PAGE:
Demonstrators in Nepal's capital have clashed with police in a failed bid to halt the country's most popular beauty pageant. VOA's Steve Herman reports from our South Asia bureau in New Delhi.
Despite a protest by Maoists and other opponents of beauty pageants, a 23-year-old sales executive has been crowned as the new Miss Nepal.
The Maoists joined Nepal's government a week ago and had vowed to stop the competition, calling it degrading because it exploits women.
Maoist lawmaker Devi Khadka told reporters during Saturday evening's event all such contests should be banned in Nepal because they are demeaning to women.
The Maoists waged a decade-long insurgency against Nepal's monarchy, but agreed last year to end their violent struggle and join the democratic process.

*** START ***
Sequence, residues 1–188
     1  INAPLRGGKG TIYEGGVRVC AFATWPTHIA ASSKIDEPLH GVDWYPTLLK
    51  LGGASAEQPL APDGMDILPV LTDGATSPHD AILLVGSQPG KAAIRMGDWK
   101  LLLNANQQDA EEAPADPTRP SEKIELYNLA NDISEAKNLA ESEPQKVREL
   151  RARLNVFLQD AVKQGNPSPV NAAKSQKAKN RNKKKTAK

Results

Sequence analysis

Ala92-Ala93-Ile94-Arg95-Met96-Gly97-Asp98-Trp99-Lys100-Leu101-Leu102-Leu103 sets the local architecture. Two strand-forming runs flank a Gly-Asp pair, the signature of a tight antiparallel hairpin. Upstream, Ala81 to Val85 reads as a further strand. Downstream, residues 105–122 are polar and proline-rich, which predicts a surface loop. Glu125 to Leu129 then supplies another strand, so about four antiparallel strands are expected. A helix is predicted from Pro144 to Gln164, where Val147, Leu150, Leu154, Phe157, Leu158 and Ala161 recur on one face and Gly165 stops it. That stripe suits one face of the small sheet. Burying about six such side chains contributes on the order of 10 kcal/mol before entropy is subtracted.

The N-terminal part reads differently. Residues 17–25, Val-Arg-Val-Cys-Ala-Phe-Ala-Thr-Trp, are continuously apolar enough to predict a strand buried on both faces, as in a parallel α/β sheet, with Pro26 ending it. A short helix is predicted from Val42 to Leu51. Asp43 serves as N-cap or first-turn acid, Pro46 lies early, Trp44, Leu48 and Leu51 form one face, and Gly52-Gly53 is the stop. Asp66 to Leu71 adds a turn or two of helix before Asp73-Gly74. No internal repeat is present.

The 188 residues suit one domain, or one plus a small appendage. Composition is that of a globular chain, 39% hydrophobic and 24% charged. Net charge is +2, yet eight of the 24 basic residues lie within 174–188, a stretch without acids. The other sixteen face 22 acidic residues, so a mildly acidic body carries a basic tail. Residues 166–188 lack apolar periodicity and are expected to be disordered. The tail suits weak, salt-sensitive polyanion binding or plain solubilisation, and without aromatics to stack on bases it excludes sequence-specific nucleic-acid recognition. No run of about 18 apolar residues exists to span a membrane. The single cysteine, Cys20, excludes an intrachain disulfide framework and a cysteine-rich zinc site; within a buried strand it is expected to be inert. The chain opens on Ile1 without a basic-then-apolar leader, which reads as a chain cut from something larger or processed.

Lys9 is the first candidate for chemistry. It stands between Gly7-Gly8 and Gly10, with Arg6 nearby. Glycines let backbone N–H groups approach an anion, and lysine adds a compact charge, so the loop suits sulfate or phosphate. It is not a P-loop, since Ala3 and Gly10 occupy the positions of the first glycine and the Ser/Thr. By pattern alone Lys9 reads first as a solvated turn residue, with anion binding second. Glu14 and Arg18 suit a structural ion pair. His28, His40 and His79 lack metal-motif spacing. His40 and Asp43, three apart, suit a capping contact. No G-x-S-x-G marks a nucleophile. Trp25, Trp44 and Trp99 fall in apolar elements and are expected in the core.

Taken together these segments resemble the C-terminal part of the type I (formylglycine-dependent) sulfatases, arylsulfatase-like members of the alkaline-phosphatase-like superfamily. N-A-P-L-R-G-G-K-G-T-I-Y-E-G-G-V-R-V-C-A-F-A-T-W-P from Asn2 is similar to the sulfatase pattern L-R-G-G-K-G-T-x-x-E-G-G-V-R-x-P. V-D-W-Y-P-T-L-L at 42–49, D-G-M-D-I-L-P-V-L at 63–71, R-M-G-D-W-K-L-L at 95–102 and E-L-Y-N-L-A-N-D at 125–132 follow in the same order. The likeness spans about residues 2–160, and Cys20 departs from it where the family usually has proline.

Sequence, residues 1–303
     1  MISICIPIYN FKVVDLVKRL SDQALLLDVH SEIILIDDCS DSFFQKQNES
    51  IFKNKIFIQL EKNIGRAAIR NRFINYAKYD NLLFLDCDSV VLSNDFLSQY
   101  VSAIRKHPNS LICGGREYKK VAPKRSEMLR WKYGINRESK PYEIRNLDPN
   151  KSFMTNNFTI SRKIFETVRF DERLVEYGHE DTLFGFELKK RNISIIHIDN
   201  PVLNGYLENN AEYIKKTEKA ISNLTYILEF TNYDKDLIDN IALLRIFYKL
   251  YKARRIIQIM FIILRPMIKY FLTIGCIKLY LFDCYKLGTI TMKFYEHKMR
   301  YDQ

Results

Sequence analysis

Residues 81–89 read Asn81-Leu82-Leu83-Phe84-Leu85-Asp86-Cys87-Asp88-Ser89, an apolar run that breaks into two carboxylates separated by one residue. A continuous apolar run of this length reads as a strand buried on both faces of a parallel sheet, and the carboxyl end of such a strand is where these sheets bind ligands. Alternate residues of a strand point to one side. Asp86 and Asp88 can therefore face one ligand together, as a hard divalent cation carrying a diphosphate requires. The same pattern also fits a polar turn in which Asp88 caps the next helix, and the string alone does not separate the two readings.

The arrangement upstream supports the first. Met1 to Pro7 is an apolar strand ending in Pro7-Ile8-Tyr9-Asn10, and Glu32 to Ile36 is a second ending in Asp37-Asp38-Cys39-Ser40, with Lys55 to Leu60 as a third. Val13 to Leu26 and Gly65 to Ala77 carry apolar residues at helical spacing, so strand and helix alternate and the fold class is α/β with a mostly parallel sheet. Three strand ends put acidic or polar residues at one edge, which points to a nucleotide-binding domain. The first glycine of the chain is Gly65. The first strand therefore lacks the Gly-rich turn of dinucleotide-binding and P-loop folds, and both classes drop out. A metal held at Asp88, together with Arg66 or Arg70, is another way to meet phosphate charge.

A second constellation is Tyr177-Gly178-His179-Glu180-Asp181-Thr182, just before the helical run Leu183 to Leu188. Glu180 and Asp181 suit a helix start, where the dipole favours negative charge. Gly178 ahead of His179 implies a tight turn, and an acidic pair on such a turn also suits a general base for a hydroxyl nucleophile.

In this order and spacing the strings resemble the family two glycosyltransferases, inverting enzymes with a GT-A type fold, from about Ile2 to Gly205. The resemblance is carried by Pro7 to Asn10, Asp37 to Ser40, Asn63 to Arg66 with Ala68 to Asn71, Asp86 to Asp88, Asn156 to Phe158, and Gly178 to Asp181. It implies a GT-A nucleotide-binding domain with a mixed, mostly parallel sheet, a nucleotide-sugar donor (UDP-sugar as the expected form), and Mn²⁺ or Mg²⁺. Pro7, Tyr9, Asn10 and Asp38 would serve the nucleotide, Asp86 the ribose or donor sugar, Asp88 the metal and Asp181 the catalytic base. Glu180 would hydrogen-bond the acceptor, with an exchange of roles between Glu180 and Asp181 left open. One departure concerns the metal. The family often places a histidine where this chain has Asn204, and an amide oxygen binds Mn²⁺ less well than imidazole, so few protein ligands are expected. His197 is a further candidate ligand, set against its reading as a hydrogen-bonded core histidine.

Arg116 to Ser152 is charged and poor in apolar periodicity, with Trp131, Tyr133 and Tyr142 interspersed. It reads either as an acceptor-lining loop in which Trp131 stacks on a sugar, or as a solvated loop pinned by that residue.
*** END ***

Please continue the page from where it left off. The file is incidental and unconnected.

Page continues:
Opponents of the pageant had hoped that the country's new communications minister in the interim government, a Maoist, Krishna Bahadur Mahara, would ban the broadcast of the Miss Nepal contest. But the event was aired live on state television.
The Miss Nepal pageant was not held last year due to security concerns.
Outside the convention center in Kathmandu, hundreds of protesters clashed with baton-wielding riot police. Indian television on Sunday broadcast scenes of bloodied demonstrators.
After Sitashma Chand defeated 18 other contestants, the new Miss Nepal told reporters opponents of the pageant should respect the rights of those who wanted to participate in the contest, which has a top prize of $2,000.
Chand says she understands the position of the feminists and Maoists who protested, but many of those demonstrating outside are those who regularly participate in protests, no matter what the cause.
Despite Maoist accusations that the pageant contained nudity, the Miss Nepal competition is relatively tame by international standards and does not have a swimsuit round.
Chand will represent Nepal in the Miss World pageant.